by Judith Bergman • October 5, 2021 at 5:30 am
- While on the face of it, China’s acquisitions of ports looks like mere commercial transactions based on an economically driven agenda — the rhetoric China is employing — several analysts have pointed out that geopolitical concerns seem to be what are actually driving China’s port investments.
- “A deliberate military and strategic functionality seems clearly entrenched in the initiative [acquisition of ports] ….there is abundant evidence it is developing a network of strategic strongpoints that can significantly raise the costs of any U.S. military intervention and lower the willingness of BRI [port] host governments to offer access or assistance to the United States.” — Daniel R. Russell and Blake H. Berger, “Weaponizing the Belt and Road Initiative,” Asia Society Policy Institute, September 2020.
- “U.S. naval vessels might not be able to call regularly at ports under Chinese management because of the risk that commercial port information-technology (IT) systems could be used to monitor or interfere with military systems and jeopardize U.S. information and cybersecurity.” — Admiral Gary Roughead, US Navy Chief of Naval Operations, Naval War College Review, Winter 2019.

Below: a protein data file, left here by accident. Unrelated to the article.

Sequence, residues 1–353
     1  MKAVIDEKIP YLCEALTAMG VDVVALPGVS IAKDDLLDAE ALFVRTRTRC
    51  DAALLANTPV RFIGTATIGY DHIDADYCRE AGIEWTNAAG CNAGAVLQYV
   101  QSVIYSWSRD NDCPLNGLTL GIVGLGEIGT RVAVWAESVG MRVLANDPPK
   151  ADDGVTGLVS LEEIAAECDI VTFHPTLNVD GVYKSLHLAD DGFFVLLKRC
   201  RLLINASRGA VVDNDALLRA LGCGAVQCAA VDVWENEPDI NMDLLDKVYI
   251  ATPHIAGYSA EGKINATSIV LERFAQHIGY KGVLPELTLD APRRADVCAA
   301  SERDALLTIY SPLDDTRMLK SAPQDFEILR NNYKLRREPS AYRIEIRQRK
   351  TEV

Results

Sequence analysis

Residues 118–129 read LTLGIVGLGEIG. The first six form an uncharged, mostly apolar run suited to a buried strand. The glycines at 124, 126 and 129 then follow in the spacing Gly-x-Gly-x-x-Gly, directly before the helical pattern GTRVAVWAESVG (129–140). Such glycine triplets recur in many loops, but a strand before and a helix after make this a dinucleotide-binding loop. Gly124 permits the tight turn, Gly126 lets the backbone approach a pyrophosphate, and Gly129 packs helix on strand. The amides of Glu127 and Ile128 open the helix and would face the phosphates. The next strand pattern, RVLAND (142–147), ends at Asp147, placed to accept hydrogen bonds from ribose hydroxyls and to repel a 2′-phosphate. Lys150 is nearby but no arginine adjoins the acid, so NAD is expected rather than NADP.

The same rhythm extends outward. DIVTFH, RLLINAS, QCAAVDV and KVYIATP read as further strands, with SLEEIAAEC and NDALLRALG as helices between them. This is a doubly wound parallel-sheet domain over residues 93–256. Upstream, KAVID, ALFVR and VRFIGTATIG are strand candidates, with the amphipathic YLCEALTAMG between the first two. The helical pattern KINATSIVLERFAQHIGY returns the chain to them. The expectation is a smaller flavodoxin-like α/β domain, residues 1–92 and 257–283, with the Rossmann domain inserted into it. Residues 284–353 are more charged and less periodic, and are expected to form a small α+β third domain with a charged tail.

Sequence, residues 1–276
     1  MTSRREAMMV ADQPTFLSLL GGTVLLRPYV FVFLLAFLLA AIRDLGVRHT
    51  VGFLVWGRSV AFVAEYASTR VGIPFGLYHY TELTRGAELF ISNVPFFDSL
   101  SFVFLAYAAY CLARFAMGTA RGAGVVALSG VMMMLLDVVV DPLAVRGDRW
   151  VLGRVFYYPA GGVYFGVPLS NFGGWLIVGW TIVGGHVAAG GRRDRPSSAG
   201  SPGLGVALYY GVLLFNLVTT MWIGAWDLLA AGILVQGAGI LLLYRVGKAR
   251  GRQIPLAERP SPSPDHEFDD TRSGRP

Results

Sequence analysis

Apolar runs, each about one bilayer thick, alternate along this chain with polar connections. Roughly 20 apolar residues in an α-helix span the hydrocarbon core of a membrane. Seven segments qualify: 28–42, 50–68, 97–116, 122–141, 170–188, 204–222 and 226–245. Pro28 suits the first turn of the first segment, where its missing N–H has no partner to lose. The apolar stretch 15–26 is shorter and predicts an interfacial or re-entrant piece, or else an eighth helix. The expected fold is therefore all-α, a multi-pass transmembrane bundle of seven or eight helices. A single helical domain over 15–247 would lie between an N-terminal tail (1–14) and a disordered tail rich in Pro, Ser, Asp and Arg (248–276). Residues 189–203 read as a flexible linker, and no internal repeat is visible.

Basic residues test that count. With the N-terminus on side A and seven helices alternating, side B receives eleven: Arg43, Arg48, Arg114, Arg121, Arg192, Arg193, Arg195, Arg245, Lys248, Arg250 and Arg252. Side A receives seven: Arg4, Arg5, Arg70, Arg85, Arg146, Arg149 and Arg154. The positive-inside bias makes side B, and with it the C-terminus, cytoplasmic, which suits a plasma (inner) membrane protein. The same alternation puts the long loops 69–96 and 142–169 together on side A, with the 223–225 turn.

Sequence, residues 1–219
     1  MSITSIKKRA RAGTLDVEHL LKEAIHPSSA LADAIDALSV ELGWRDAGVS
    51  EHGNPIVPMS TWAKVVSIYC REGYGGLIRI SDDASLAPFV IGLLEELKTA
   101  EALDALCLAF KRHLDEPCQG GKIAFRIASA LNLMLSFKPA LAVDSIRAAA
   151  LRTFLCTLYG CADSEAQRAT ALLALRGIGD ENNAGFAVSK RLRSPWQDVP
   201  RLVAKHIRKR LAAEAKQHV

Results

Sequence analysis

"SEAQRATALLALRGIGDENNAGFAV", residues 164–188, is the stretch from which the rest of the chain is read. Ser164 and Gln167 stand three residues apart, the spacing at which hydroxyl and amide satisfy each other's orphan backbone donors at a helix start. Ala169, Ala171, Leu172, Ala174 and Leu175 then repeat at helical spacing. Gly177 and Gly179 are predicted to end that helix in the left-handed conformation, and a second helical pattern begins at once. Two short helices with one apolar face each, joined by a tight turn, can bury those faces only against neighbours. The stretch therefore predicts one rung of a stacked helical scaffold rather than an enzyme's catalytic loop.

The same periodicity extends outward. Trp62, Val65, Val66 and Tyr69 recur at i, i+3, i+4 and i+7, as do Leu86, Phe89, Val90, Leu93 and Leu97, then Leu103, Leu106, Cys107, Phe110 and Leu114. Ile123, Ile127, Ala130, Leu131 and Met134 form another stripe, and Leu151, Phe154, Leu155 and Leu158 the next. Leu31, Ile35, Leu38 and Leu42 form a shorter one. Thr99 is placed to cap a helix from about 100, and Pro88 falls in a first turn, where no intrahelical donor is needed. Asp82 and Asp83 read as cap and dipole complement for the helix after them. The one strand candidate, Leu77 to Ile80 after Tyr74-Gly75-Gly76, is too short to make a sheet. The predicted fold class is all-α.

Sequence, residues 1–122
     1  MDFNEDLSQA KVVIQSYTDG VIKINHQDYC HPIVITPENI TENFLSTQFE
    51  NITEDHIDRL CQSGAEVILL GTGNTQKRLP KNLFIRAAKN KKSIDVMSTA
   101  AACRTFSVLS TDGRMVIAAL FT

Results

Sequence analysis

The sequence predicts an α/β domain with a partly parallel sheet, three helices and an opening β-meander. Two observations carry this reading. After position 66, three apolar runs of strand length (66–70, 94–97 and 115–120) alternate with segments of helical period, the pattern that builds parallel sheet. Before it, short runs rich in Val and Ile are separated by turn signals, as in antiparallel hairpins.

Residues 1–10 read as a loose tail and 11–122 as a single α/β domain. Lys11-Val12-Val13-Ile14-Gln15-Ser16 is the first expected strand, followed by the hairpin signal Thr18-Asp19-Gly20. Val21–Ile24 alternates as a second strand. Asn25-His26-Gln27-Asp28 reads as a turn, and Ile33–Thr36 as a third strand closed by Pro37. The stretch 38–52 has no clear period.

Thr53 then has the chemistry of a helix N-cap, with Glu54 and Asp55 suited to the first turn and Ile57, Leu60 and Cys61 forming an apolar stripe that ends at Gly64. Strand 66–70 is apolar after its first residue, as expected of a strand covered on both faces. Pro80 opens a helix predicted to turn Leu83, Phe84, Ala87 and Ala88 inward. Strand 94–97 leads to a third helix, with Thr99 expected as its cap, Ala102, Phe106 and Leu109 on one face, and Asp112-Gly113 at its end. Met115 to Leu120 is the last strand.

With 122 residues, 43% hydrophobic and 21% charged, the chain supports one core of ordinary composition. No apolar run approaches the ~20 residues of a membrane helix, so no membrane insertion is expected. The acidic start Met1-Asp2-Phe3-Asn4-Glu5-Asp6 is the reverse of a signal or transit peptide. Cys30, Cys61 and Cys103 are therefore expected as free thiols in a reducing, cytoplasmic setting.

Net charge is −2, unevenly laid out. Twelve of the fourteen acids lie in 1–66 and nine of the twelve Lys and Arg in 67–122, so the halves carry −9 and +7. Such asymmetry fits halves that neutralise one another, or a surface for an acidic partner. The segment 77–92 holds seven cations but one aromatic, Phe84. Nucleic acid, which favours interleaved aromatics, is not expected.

- For that reason, the US warned Israel that China’s management of the new Haifa port terminal could potentially damage US-Israeli security cooperation, as it might lead to US Navy ships refraining from docking there.
- “By creating a global port network for ostensibly commercial purposes, China has gained the ability to project power through the increased physical presence of its naval vessels—turning the oceans that historically have protected the United States from foreign threats into a venue in which China can challenge U.S. interests.” — Christopher R. O’Dea, Naval War College Review, Winter 2019.
- Another grave concern is that Chinese port investments create economic and political leverage for the CCP that can affect local policy and decision making… After China invested in and acquired much of the port of Piraeus, Greece blocked an EU statement criticizing China’s human rights record…. prevented a unified EU statement against China’s behavior in the South China Sea… and opposed tougher screenings of Chinese investments in Europe — a predictable move for all nations that become beholden to Chinese investments.